# DRMacIver's Notebook

Do numbers exist?

Do numbers exist?

In What even is a number? I finished with:

There is a more foundational question, which is whether numbers "exist" in any meaningful sense. My answer is "Almost certainly not, but if so why would we care?"

I'm going to backtrack on that a bit. Obviously numbers exist.

The problem is that this is a bad question because there are no non-misleading answers to it. Both the statements "numbers exist" and "numbers do not exist" are more likely to cause you to believe false things than true ones, and which answer you prefer says more about what you mean by "exist" than it does about numbers.

Numbers don't exist, in that there is no platonic realm where you will find the authentic number 3. At least, there is no evidence that there is such a realm, there isn't even a suggestion of what such evidence would look like, and it doesn't seem to be especially useful to postulate that one exists, so there might as well not be. Insert your own atheism analogy here. Michelangelo's Stone: an Argument against Platonism in Mathematics is a good argument against the idea that one exists, basically by pointing out that if such a thing existed it would be too large to serve the role that its proponents want it to - it is basically the infinite library of Borges, with every random string written down in a book. All published works exist there, but finding them is a harder task than creating them would be.

Additionally, they don't exist because as I argued, numbers aren't really any one thing. There is not "the number 3", there is only "the value that corresponds to the number 3 in our current implementation of natural numbers." In What Numbers Could not Be Paul Benacerraf argues quite convincingly that it is a category error to equate the number 3 with any particular instantiation of it.

So numbers really don't exist in any literal physical sense. I promise.

And yet numbers obviously exist.

Why?

Well because all of the same arguments apply to Chess, and if you try telling someone that Chess doesn't exist they'll look at you like you've sprouted an extra head.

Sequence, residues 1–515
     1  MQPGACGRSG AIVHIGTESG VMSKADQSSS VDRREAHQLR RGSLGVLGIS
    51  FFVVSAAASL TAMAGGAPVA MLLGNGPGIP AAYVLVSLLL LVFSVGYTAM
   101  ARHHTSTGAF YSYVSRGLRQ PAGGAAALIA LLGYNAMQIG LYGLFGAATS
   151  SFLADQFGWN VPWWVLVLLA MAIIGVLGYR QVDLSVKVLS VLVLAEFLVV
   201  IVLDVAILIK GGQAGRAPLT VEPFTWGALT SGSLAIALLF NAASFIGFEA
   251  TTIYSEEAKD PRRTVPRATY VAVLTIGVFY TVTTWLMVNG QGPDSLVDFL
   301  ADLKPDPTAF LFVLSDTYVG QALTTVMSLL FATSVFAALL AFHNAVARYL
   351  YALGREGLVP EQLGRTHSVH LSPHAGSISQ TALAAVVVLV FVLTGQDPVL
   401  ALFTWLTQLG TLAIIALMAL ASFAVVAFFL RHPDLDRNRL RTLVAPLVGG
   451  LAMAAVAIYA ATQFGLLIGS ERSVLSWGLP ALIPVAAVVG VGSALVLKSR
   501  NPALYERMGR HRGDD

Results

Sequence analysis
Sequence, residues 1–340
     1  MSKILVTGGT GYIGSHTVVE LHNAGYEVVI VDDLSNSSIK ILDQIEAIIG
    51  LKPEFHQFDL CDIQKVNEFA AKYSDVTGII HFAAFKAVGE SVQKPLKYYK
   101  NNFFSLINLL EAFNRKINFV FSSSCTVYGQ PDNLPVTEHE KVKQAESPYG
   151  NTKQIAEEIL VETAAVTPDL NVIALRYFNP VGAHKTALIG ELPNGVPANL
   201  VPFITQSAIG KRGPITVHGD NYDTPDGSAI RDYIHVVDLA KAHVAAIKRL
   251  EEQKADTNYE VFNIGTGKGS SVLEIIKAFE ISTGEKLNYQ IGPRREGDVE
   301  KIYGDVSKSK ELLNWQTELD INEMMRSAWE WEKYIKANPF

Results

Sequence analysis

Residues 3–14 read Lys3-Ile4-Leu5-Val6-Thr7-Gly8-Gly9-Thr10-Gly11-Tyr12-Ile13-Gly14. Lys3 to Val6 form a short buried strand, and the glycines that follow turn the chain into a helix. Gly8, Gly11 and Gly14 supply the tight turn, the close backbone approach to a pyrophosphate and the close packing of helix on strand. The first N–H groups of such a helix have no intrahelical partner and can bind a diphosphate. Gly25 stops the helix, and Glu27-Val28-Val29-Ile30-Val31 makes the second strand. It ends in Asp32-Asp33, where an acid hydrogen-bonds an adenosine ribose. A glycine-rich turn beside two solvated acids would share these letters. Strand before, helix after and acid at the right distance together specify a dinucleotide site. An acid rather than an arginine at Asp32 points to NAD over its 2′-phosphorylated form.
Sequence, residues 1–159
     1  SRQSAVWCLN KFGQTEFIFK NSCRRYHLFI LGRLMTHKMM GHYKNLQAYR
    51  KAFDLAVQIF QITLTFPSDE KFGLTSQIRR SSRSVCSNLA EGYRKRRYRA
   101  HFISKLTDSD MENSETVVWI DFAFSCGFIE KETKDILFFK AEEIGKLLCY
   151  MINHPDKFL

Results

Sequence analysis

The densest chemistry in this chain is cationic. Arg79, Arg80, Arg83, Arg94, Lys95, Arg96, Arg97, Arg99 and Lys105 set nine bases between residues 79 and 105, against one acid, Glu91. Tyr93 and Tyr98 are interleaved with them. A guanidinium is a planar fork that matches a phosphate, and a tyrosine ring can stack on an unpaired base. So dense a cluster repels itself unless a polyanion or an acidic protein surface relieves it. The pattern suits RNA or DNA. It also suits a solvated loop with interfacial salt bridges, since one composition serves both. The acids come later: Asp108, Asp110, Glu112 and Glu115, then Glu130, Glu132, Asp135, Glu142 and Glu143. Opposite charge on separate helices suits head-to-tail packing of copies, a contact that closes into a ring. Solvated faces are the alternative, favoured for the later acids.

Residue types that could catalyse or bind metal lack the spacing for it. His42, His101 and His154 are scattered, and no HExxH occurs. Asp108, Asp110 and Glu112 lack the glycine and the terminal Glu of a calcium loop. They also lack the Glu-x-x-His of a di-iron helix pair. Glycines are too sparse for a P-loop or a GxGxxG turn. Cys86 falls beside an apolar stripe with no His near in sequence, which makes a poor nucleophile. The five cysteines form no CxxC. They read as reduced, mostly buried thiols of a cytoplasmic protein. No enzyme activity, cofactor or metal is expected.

Imagine the conversation:

You: Chess does not exist.

Them: Um, yes it does. Look, here's a Chess board.

You: Sure, that's a Chess board, but that's not Chess, that's just the symbolic representation you use to play the game of Chess.

Them: Which doesn't exist.

You: That's correct, yes.

Them: We have literally played a game of Chess on this board. How can we play Chess if it doesn't exist?

You: It's easy, you just follow the rules of Chess.

Them: Which don't exist.

You: Oh, well, there are rules of Chess of course, but those are mere matters of human convention. They don't imply any sort of abstract platonic ideal of Chess that exists somewhere.

Them: Look, here is a printed out copy of the rules of Chess.

You: I see. And?

Them: That seems to suggest the rules of chess exist.

You: Why? Those aren't the rules of chess, they're just words on a page that describe how to play chess. The rules are a purely abstract concept that exist purely as a matter of human convention.

Them: This seems like a fairly spurious distinction.

You: I suppose it does rather.

Them: Shall we settle it over a game of Chess?

You: Sure, why not.

And yet these are exactly parallel to the arguments that say numbers don't exist. People are very attached to the idea that you can apply the word "exist" to abstract objects and, while I don't want to entirely defer to common usage of a word for its more specific meaning, I think it would require an extremely convincing argument to persuade me that they are wrong to do so. Countries are also purely abstract objects designed purely as a matter of human rules and convention, but if you told me that France did not exist I could only answer "It does, though".

So, any reasonable definition of the word "exist" should incorporate abstract concepts with rules and names defined purely by human convention. Numbers are such a thing, and as purely abstract concepts it is perfectly reasonable to say that they exist. They exist in the same way and for the same reasons that France and Chess exist: Because we say so.